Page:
Not all women become mothers. This might sound obvious, especially in an era when the number of adult females who don't have kids is higher than ever. But it's a message that bears repeating, especially since our culture usually treats parenthood as a foregone conclusion — especially for women.
Despite the fact that there are myriad reasons a woman might not want to become a parent or might not be able to conceive, we continue to interrogate the childfree about why they don't have kids, even though these questions are invasive and potentially deeply hurtful. Not having children for whatever reason is so stigmatized, childfree women often feel the need to carve out safe spaces for themselves, where they can connect with those whose lives are similar to their own, without questions or judgment.
The Not Mom Summit, a conference of women who are childfree "by choice or by chance," is one of those spaces. Mic recently attended the first-ever Not Mom Summit, held in Cleveland earlier this month, and spoke with women who have opted out of parenthood about why they need such a space to tell their stories, and why they don't feel the need to defend or justify their choices. We also asked six "Not-Moms" about some of the typical (and most hurtful) responses they get when they tell people they don't have kids. Here's what they had to say.
"The most popular response I get is 'You'll change your mind.' It's offensive, as it presumes that someone knows me better than I know myself, or that I'm not a grown woman capable of making a lifelong choice. No one would dare tell a mother that she'll change her mind about being a parent. The other most common reply is 'When the right person comes along...' This is similar to 'You'll change your mind,' but with the added insult that my personal decisions and beliefs will be completely altered by a man, and that committing to someone means I will also want to commit to parenthood.
"The most common reaction I get from people is a bit of a surprised expression — then they go, 'Really?' It's like they just want to make sure I wasn't joking, or maybe misunderstood what I said. After that, most people will just drop the subject and talk about something else, but I usually get a confused look, like they are trying to process or understand my position. Some will ask the inevitable 'why?' Usually they add, 'Don't you worry about being all alone when you are old?'"
"I had a hysterectomy, and now that that variable is out of it, people don't expect that they're going to change my mind anymore, as they used to. What's kind of gratifying is when people ask if I'm ever going to have kids, and I tell them I had to have a hysterectomy, they look so sad and forlorn. But I feel like they should be sad — they shouldn't be asking me that question anyway. People don't understand how someone could be happy about a situation like mine.
"My mom never calls me. My sisters have kids, and she calls them all the time to check on the grandkids. I wonder why I'm the one having to maintain my relationship with her and why it's not two ways. I cut contact and said to myself that I'm not going to be the one to call. I haven't heard from [my mother] in a year and a half. Why are grandkids the only thing she reaches out about? What's wrong with me that I'm not good enough to have a relationship with?"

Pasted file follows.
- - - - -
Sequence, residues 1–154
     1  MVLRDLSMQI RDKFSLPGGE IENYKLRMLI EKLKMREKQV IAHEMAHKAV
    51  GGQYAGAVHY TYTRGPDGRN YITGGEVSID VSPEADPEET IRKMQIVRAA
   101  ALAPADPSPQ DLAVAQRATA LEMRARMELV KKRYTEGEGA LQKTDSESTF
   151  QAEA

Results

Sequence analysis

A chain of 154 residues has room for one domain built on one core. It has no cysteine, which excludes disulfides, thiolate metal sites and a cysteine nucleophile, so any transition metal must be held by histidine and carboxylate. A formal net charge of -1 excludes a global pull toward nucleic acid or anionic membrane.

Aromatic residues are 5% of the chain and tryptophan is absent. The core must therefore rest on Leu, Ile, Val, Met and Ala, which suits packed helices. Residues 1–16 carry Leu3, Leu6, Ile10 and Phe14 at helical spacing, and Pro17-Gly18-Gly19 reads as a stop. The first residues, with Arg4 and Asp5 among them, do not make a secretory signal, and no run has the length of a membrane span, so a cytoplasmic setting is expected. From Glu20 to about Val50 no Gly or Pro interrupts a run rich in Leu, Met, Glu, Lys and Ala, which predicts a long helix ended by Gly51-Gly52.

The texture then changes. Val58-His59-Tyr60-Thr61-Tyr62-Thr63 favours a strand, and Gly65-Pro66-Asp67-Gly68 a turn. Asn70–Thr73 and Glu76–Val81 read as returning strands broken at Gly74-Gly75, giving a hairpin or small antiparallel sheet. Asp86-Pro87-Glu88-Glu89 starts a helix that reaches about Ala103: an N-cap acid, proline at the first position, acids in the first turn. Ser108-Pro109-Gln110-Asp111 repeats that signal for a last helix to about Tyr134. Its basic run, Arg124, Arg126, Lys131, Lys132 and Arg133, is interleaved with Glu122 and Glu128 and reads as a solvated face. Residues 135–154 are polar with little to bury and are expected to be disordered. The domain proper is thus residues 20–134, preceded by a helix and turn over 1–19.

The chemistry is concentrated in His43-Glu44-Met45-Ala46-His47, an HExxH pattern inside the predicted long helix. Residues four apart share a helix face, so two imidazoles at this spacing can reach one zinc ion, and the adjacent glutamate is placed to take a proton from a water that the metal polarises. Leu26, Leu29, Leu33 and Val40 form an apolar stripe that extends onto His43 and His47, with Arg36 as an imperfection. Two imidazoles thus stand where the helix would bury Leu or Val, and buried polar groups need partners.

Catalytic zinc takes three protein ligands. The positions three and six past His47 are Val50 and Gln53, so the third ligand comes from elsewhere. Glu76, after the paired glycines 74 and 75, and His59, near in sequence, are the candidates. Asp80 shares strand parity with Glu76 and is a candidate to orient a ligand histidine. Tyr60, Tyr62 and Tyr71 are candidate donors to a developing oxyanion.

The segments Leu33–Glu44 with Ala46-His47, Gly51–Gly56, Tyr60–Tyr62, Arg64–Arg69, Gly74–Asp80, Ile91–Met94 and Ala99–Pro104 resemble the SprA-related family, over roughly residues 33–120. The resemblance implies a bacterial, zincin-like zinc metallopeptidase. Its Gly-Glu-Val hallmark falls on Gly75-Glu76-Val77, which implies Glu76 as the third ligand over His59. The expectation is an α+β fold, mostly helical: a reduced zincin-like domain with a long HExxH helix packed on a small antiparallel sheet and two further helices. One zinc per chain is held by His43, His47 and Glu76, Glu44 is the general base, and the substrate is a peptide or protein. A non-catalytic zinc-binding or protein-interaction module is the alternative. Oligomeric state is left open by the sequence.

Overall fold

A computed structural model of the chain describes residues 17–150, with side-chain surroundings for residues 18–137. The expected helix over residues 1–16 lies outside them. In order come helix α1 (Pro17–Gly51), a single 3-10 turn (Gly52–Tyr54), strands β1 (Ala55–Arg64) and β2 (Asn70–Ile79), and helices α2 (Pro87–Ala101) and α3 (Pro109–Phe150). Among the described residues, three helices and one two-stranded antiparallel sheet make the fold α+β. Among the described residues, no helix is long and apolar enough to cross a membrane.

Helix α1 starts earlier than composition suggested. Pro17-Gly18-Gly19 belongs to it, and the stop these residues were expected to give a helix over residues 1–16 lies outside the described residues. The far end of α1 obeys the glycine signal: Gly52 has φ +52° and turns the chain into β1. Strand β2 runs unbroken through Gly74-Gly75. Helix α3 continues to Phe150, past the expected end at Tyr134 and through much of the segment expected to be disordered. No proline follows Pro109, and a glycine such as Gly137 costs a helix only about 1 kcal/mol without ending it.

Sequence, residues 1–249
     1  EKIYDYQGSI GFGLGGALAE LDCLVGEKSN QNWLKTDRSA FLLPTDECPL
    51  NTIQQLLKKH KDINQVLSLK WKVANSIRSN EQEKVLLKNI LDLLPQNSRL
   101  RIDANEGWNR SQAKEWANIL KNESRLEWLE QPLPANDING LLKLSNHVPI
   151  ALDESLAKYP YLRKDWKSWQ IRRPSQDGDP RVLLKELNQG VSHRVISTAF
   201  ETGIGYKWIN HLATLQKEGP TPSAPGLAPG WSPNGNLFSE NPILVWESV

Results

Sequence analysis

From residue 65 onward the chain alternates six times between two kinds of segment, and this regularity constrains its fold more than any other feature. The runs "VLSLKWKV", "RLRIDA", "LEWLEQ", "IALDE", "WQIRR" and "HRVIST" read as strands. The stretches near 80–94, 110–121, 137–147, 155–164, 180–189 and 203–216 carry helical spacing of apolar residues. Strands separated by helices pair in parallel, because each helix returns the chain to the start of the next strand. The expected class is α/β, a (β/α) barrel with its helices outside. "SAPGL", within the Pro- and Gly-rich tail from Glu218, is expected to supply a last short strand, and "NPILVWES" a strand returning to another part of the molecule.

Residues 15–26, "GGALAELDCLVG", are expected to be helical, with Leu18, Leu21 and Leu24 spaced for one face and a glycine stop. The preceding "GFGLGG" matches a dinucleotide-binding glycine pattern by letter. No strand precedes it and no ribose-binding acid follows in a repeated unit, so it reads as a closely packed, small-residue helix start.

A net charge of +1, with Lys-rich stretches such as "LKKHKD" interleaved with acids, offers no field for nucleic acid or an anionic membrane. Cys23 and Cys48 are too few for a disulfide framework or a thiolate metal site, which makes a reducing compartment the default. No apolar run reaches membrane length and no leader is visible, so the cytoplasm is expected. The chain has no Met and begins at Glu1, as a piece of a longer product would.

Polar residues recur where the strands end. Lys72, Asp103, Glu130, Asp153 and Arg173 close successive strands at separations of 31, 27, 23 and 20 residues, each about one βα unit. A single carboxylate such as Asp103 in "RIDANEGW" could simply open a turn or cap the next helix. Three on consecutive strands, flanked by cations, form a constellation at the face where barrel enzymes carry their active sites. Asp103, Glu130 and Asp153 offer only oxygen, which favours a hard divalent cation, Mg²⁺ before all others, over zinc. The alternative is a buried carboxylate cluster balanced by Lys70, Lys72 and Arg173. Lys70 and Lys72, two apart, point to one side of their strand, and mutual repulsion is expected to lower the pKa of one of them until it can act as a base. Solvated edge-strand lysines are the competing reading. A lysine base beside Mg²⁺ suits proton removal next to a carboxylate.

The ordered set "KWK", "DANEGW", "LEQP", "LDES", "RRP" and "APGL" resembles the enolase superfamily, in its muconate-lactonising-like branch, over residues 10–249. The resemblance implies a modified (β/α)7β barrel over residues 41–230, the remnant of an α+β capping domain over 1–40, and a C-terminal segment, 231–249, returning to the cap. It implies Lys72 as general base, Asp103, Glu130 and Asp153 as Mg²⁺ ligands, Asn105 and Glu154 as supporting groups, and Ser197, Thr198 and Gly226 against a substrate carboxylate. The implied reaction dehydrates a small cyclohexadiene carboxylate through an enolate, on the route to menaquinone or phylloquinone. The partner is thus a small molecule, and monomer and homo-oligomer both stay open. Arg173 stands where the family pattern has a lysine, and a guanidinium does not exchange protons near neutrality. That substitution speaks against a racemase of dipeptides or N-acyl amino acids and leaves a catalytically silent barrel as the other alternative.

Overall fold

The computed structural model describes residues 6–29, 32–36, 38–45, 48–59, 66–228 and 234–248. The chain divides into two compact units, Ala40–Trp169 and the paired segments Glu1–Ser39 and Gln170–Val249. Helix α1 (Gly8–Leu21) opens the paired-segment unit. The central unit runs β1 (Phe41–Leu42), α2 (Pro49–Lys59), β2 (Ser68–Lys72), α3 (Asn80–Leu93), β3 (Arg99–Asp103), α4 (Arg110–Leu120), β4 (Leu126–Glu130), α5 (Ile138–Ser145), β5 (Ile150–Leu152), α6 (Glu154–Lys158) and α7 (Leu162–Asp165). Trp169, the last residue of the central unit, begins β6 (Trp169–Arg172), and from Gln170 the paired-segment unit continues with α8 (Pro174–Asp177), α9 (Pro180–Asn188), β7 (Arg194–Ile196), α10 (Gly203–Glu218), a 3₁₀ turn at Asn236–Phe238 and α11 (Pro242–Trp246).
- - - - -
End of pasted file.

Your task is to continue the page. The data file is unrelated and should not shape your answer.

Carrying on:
"People don't understand how someone could be happy about a situation like mine."
"My [extended] family treats [my partner] and me like we don't have other things going on, because how could we if we don't have kids? Nobody asks me about my job or what's going on with me, what I'm on the board of or volunteering for. My sister, who has four kids, called me one time in the middle of the week at about nine o'clock in the morning, and she was like, 'Oh, you're up!' I do get up at a normal time and work! Just because I don't have four kids to get ready for school doesn't mean I'm sleeping all day. I have a job! Whatever [parents] are projecting about the choice that they made, it means they're not getting it. People will say, 'It's so nice that you can do X.' They made a choice to have kids. Nobody forced them."
"The first thing people ask is 'Why?' They want to know why I wouldn't want kids. Even people without kids ask that. I tell them that it is because I never want to be a single parent (even through divorce), and thus I don't want kids. The most insulting thing is when they tell me that a man will change my mind, or when they say, 'You'll feel different when you're older.' Older than what?"
"When I found out at 25 that I had a hereditary connective tissue disorder and a 50% chance of passing it on to any kids I would have, it solidified my answer on not having kids. My friends and family know the reasons why I am choosing to be childfree and they haven't pressured me much — except for my dad, who will comment under his breath that he is hopeful I will change my mind.
The worst response I have gotten about my childfree ways was when I was talking to an acquaintance about not wanting children, without going in-depth about why. Her response was, 'At what age did you find out you couldn't have kids?' I asked her why she thought I couldn't have children, and she said, 'Well, [infertility is] the only reason a woman should have for not wanting a child of her own.' Needless to say, I didn't speak to her again."
*First names have been used to allow sources to speak freely on private matters.